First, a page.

Pulling all the weeds up located no. 6 and off it went paddling like mad to catch up. No.7 appeared under the gates and after a good run around was soon in hand to be taken the rest, which by now were near the bridge.

No.6, now on its own, was helped along by another female who flew in to the rescue and led the ducking towards the rest.  After a while this female flew off and landed where the others were gathered.  Slowly over the next 15 mins, they all swam back and eventually found No.6 sulking in the reeds. Much hugging and cheering ensued from the gathered crowd.  Ahhhh.
On Wednesday we moved lots of stones with the digger, made the shuttering for the 5t concrete and cut back all the shrubbery from the side of the road to help with car parking.  Concrete arrived and started to fill the hole, until the shuttering became a curve then several sided as it slowly split.  Oh dear. Dumped the other half on the road and hand shovelled it into place carefully. Nice job in the end.

Samson makes way for day-trippers

by: David M

The Landing Stages team has moved Samson up through Chestnut Lane swing bridge (a good part by man-hauling) and is now cutting back the bank by the towpath west of Lodgemore Bridge ready for the next landing stage.  We were able to avoid using a mini-digger which would have meant closing the towpath, using only spades and the clamshell grab on our hiab crane to take away the soil.  It is surprising what a clean flat cut can be made with a blunt instrument, thanks to the skills of crane drivers Chris and Maurice.

We were rudely interrupted by a skiff (aka workboat Jasper) puttering up the canal, and were happy to haul back to a spot just wide enough for narrowboats to get through.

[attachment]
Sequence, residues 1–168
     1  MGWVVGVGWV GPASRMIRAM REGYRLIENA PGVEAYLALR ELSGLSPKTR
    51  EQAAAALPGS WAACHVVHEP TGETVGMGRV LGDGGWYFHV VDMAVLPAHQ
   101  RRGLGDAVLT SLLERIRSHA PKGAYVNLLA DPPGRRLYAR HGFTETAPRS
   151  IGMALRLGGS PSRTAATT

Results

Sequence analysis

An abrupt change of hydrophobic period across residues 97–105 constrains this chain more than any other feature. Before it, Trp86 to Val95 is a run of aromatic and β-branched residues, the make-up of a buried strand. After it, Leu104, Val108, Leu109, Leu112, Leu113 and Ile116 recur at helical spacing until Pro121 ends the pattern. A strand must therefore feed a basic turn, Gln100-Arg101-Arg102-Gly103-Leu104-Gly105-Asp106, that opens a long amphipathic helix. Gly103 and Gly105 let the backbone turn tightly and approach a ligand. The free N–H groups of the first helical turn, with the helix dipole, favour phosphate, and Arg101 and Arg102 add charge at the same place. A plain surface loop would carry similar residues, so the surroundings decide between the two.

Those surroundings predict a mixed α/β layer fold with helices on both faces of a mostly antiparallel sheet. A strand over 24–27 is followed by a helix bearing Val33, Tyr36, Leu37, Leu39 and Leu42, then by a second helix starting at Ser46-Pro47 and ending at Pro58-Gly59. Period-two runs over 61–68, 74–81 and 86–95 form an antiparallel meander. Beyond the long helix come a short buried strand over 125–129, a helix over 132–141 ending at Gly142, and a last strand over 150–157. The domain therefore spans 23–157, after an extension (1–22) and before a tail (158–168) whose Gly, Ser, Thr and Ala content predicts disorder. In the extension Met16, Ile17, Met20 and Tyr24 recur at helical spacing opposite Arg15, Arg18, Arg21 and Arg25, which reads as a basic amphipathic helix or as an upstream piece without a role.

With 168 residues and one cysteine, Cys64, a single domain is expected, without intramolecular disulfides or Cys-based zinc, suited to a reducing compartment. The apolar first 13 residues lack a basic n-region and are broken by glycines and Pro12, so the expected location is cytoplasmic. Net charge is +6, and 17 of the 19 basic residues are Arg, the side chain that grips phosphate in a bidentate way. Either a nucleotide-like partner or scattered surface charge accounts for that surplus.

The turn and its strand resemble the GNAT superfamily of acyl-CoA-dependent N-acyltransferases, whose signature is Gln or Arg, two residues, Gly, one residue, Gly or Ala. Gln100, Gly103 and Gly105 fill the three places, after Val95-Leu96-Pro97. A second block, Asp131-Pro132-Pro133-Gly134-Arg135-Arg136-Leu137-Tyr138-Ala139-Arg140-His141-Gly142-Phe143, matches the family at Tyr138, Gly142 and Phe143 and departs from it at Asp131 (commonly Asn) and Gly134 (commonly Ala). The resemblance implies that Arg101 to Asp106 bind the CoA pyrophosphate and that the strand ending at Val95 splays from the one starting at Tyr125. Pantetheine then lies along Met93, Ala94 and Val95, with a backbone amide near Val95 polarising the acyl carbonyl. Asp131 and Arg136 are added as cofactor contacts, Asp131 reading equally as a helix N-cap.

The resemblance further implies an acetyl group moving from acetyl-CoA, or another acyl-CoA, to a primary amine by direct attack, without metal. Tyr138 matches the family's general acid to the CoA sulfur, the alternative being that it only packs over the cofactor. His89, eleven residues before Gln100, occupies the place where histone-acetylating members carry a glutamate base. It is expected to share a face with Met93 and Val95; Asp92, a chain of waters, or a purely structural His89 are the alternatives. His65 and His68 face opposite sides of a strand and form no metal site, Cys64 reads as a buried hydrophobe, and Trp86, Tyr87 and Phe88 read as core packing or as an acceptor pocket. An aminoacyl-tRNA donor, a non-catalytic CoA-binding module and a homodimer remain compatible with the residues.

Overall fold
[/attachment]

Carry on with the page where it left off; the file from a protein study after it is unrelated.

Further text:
As the bank is so steep at this landing stage site, we have prepared steel plates to be pushed in behind the open box beam piles to support the bank and the towpath.  Piling should start next week, and frames and surface topping are ready at Brimscombe Port to complete the job.

25 May 2018

Tug Team - Thursday

by: Myron

Jasper, one of the new work punts was received by the Tug Team today. It was to have been launched at Bowbridge but the lorry transporting it was too large to get to the place we thought we could launch it, and where it is actually needed. This was a bit disappointing all round, but after considerable deliberation, the landing stage next to Chestnut Lane bridge offered an alternative.

Once in the water, Buffer gave us a thorough briefing on some of its features, particularly the outboard and the very snazzy cover that has been provided with it. With a cheery wave he left us to it.

Then David Pashby set off for Wallbridge, only to come to a halt about a few minutes later, presented with Samson blocking the cut, with the Landing Stage crew working at Lodgemoor bridge. An earnest discussion between the two parties decided that it was nearly lunch time, so they would move Samson to a wider bit of canal for us. Mike Hewett wanted to find a place where the trip boat could pass, and we could be a guide. Two or three attempts were taken before we managed to squeeze through between the bank and the barge.

Going up Lower Wallbridge lock was fun, I must say the gates and the gear all operate very sweetly, at least David said so, he did all the work. Here we met the SDC crew, working on clearing the surrounding site, and took a moment to reflect on how different it all was compared to about a year ago. I remember when it looked like the problems around this lock looked insurmountable. Then it was up through Upper Wallbridge, and put it to bed next to the Lock Keepers Café.

I was pleasantly surprised how the boat handled for a flat bottomed punt, but did swear a lot at the outboard, but that is what they are for isn’t it.  It is a simple craft, but well designed and sturdily built. I reckon that Jasper and its stable mate, Stuart, will prove to be very valuable and versatile craft.

24 May 2018

Dredging this week, 22nd to 24th and what we are digging up!

by: Andrew Rendell

Thanks to the following for working on dredging this week:- John, Alex, Sue, Steve, Les, Andy, (who has been assessed and will be another operator with WRG authorisation for the Dredger), Frank, Paul and Nick.